March 2013: With <100 miles separating the 2 nations across the straits of Florida, the potential for USA to Cuba traffic is massive: there are around 2 million Cubans living in the USA (according to USA Census Bureau data 2010) and Cuba is the 5th largest immigrant sending nation to USA (after Mexico, China, India and the Philippines). However, the economic embargo imposed by the USA still excludes the provision of scheduled flights between the 2 nations, resulting in a no-show for the USA in Cuba’s top country markets.
The fastest growing country market in the top 12 is Colombia, which from its small base, has grown by +50% between the 2 sample months (April 2012 and April 2013) due to Avianca (AVI) introducing 2 extra weekly A318 rotations from Bogota to Havana. Derived from a more significant base traffic, the +44% spike in capacity in the #2 country market Canada, represents a marked increase for such a large existing market. While WestJet (WJI) and the Cuban national carrier, Cubana (CUB) have trimmed weekly capacity by one flight each, Air Transat (AIJ) (+32x-weekly) and Sunwing Airlines (SWG) (+16) have both seriously ramped-up seats in April 2013.
Of the top 12 country markets, it is Spain that has contracted the most (this decline coming from the hands of struggling carrier Iberia (IBE)). From April 1, 2013 it will suspend its 7 weekly A340 operations between Spain and Havana plus Santo Domingo. Fellow incumbent Air Europa (ARE) has reacted, by offering an extra 3 weekly A330 rotations (up to 10x-weekly) between the 2 nations, but it was not enough to cover the -25% slide in weekly capacity. Despite the cuts, Spain remains the biggest European market, although Germany is closing in, as it has grown by +11% year-on-year.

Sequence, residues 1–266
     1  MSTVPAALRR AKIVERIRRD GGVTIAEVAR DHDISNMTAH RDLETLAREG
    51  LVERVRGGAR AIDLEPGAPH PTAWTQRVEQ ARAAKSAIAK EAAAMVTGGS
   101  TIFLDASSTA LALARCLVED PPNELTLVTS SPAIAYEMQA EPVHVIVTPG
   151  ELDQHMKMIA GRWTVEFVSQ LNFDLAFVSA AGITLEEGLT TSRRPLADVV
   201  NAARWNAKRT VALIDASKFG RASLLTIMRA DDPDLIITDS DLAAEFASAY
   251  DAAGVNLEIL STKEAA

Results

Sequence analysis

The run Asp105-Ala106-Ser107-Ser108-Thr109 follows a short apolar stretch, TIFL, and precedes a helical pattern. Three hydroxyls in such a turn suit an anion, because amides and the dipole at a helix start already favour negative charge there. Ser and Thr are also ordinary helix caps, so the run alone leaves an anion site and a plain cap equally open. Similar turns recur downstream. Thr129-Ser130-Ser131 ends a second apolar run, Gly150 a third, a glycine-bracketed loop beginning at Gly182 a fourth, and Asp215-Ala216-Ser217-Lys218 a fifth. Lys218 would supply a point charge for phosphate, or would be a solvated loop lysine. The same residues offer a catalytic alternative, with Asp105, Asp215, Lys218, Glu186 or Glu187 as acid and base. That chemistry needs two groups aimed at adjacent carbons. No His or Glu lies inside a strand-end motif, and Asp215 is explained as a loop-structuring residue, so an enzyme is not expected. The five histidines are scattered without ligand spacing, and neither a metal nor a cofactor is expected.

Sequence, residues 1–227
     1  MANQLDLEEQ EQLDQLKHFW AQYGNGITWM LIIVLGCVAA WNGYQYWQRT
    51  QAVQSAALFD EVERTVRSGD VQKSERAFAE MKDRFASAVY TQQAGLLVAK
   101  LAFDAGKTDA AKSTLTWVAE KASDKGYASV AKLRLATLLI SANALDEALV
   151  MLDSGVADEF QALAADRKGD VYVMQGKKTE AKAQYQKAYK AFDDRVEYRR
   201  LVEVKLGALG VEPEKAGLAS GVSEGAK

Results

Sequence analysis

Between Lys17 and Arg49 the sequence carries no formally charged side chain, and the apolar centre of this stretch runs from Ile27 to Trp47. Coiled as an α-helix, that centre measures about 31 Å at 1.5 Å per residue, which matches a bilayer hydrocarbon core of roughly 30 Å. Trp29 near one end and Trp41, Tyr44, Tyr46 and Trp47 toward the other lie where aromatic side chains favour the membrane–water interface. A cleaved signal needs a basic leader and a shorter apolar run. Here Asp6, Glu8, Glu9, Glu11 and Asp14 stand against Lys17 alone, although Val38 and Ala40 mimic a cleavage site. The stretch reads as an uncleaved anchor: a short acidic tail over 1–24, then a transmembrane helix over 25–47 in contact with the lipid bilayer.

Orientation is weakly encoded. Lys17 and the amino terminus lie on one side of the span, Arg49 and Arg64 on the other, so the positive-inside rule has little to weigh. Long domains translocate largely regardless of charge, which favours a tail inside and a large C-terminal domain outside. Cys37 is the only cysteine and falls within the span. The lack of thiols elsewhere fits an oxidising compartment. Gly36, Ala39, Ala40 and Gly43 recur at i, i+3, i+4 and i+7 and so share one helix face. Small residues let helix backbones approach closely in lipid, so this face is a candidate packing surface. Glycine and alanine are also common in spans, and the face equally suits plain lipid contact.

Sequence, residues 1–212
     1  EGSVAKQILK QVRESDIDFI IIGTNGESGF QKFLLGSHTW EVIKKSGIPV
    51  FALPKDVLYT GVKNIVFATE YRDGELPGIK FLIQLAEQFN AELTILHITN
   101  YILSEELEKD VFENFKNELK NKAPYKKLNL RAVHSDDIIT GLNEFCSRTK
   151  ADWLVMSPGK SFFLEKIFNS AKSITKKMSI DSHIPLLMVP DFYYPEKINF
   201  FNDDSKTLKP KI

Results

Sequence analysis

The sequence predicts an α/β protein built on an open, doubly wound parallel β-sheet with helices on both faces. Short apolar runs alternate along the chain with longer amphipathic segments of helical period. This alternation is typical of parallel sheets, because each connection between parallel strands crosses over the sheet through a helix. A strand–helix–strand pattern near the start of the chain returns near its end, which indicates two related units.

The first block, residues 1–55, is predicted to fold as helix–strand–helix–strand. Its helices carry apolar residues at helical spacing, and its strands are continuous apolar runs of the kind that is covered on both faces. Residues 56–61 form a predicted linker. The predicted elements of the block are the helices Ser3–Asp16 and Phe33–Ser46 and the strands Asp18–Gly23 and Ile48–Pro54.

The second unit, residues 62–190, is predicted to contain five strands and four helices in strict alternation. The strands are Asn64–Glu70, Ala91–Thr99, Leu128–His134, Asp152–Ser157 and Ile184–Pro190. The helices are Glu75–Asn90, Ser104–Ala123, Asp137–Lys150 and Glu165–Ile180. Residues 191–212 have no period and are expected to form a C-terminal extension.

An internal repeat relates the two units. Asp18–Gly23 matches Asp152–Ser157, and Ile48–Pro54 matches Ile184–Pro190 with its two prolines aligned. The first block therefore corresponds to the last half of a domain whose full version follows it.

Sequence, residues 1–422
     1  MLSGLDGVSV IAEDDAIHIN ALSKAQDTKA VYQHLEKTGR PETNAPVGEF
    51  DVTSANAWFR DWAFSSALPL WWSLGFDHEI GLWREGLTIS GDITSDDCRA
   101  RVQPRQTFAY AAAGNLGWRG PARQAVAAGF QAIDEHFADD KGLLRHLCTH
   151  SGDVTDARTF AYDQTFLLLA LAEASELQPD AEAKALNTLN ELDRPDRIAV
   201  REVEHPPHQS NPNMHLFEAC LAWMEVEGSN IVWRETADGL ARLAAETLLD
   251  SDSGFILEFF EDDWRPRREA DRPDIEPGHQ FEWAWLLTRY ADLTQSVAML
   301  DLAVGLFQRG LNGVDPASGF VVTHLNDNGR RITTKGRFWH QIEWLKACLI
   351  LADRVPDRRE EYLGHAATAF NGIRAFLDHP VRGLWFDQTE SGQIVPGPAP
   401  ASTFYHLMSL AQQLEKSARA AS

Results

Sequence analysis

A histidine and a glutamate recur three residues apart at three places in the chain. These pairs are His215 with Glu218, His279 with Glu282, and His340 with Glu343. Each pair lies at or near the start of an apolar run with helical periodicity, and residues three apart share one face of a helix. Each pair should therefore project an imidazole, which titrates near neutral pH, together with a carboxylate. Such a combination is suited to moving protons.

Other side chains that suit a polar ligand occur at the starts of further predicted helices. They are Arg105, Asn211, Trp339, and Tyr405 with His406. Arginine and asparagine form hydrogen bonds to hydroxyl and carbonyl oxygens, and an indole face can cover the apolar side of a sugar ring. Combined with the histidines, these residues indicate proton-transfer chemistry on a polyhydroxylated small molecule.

Cuban air travel is set for a boom in 2013, if the annual seat trends continue. In the 12 months ending in February 2013, one-way seats increased by around +20% against the previous 12 months, and that performance comes off the back of a not-so-sluggish +8% increase in the year preceding that.
Unsurprisingly, flights to Havana dominate the overall Cuban traffic profile, with the capital commanding just >50% of annual seats. This governing share is boosted by the domestic market, which for Havana itself represents 16% of all flights in Cuba, as the capital is connected to 13 other points on the island, some with just a weekly flight, but some, like Holguin, with up to 4x-daily on the near 700 km route. The #2 airport is the resort town of Varadero in the Matanzas province, which has doubled in terms of the number of annual seats between 2008 and 2013.